Green-Wood Cemetery is, at its core, a place of burial and mourning. But, it is much more than that. Since its founding in 1838, Green-Wood has functioned at many levels: quasi public park, sculpture garden, arboretum, bird habitat, and more.
Historically, there has been a tension at Green-Wood over these layers of usage. In the 19th century, Green-Wood had its own police force. Officers, assigned sectors, were charged with keeping mourners and those who were there to enjoy the grounds–even picnic–harmoniously coexisting.
While Green-Wood is ever-mindful that it is a cemetery, it is also open to other respectful uses of its extraordinary landmarked grounds and facilities. One such event occurred just a few weeks ago, on the evening after Halloween: Dia de los Muertos (Day of the Dead).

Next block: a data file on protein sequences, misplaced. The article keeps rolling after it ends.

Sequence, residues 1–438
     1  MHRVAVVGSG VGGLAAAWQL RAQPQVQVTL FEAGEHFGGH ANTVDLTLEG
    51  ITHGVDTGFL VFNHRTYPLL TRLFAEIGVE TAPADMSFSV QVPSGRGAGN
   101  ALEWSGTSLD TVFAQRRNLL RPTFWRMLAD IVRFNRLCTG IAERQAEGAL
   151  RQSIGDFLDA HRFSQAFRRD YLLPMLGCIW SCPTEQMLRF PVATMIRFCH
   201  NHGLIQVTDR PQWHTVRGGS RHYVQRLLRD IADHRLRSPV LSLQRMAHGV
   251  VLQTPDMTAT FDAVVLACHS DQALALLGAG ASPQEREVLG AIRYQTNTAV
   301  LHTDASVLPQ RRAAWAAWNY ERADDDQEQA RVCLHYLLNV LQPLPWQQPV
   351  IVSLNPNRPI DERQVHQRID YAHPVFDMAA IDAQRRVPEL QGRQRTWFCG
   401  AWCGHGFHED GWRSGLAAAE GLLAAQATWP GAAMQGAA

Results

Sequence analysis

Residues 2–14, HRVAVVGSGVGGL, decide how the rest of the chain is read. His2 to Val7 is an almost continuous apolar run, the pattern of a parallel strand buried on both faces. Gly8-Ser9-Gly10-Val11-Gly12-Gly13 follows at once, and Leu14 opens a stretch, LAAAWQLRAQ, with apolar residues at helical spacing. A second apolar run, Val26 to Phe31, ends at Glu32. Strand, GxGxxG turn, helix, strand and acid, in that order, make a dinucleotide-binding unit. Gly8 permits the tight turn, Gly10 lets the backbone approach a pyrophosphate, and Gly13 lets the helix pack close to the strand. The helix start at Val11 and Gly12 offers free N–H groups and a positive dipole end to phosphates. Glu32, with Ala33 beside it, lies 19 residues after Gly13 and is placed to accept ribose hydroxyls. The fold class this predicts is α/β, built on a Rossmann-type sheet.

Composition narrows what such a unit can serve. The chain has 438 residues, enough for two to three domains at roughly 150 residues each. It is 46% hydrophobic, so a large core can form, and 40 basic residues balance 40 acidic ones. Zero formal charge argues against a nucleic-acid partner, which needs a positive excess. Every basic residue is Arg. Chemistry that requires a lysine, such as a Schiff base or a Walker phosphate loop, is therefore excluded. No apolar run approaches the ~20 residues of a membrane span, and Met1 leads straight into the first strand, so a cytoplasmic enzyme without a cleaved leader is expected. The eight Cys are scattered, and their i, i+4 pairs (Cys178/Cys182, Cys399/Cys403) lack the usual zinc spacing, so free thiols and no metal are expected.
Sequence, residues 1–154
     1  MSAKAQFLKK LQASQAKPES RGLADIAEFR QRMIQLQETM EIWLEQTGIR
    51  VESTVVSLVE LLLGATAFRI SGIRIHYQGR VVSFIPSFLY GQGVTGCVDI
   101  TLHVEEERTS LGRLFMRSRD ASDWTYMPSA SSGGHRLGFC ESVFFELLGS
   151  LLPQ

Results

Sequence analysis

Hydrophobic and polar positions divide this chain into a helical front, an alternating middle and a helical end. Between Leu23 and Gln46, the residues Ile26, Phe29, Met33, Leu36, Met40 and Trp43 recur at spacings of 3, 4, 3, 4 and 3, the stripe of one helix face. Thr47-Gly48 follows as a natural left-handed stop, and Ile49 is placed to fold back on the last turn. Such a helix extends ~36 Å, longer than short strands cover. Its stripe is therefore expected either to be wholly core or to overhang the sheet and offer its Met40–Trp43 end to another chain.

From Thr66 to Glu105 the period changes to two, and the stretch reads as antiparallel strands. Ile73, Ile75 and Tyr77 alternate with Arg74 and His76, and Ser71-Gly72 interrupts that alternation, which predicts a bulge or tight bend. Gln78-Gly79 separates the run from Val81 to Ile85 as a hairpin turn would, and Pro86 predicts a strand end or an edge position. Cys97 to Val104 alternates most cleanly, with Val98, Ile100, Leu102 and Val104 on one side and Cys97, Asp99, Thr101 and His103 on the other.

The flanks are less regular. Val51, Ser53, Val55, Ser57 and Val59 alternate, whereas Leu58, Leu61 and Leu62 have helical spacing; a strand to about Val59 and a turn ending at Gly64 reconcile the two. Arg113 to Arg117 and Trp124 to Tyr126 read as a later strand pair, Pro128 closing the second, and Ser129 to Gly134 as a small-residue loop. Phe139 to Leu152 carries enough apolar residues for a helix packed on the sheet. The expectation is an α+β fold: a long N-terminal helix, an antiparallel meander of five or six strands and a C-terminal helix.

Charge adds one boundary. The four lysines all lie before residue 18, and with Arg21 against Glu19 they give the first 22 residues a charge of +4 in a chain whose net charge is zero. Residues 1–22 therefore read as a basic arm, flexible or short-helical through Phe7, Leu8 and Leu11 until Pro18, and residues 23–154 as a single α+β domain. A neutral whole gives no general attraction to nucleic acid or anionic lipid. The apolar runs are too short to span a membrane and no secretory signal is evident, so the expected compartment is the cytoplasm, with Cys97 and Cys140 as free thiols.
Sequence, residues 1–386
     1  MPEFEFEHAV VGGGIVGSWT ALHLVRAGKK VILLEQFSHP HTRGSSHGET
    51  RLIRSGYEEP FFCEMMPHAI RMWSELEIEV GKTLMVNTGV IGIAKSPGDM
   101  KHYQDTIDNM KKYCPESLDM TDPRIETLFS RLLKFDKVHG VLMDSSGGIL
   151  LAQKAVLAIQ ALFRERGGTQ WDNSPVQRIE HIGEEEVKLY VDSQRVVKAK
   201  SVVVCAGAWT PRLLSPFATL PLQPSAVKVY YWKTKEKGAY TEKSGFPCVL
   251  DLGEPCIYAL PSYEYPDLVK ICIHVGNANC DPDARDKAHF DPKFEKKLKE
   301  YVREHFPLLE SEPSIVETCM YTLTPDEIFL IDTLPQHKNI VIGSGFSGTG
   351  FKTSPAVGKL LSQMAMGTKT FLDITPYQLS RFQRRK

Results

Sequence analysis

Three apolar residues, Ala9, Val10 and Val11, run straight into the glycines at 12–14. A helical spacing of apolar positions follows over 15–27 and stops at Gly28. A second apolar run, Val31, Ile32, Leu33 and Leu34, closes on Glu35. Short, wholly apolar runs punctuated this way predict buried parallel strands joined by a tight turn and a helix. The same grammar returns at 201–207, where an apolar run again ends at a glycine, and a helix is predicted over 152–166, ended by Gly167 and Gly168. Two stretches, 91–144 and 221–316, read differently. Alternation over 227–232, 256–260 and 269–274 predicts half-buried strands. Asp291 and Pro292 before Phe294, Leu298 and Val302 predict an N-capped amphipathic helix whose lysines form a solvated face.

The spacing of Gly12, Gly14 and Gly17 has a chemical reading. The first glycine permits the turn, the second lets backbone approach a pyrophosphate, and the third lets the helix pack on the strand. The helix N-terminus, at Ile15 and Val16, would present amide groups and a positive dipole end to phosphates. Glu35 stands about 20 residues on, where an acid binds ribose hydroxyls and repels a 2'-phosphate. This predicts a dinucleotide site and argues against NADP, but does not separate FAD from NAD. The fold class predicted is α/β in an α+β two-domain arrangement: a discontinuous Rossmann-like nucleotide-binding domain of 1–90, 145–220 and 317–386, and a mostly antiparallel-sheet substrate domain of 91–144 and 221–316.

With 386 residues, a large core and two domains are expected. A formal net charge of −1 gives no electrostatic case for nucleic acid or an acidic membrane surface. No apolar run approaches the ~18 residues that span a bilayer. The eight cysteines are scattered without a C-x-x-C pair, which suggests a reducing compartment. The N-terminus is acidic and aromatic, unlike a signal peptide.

The event was produced by Winkel & Balktick. As Winkel described the evening, “Dia de los Muertos is a celebration of life. If there is anything that people bring home from it, it’s ‘love your loved ones. Be there for them. And enjoy your life while you have it because life is short.'”
On the first Saturday evening in November, 200 people gathered near the cemetery, awaiting directions as to where they would be going. Soon a Mariachi band arrived and led them down the streets and through Green-Wood’s gates. A candlelight procession into Green-Wood, followed by performances on the grounds and dancing in the Historic Chapel, made it a very special night.
Here are a few images from videographer Priest Fontaine’s pieces on the evening:
Videographer Priest Fontaine captured the spirit of the evening. Here is his stunning video of the energy and beauty of Dia De Los Muertos at Green-Wood. And here’s his interview of the producers. Enjoy!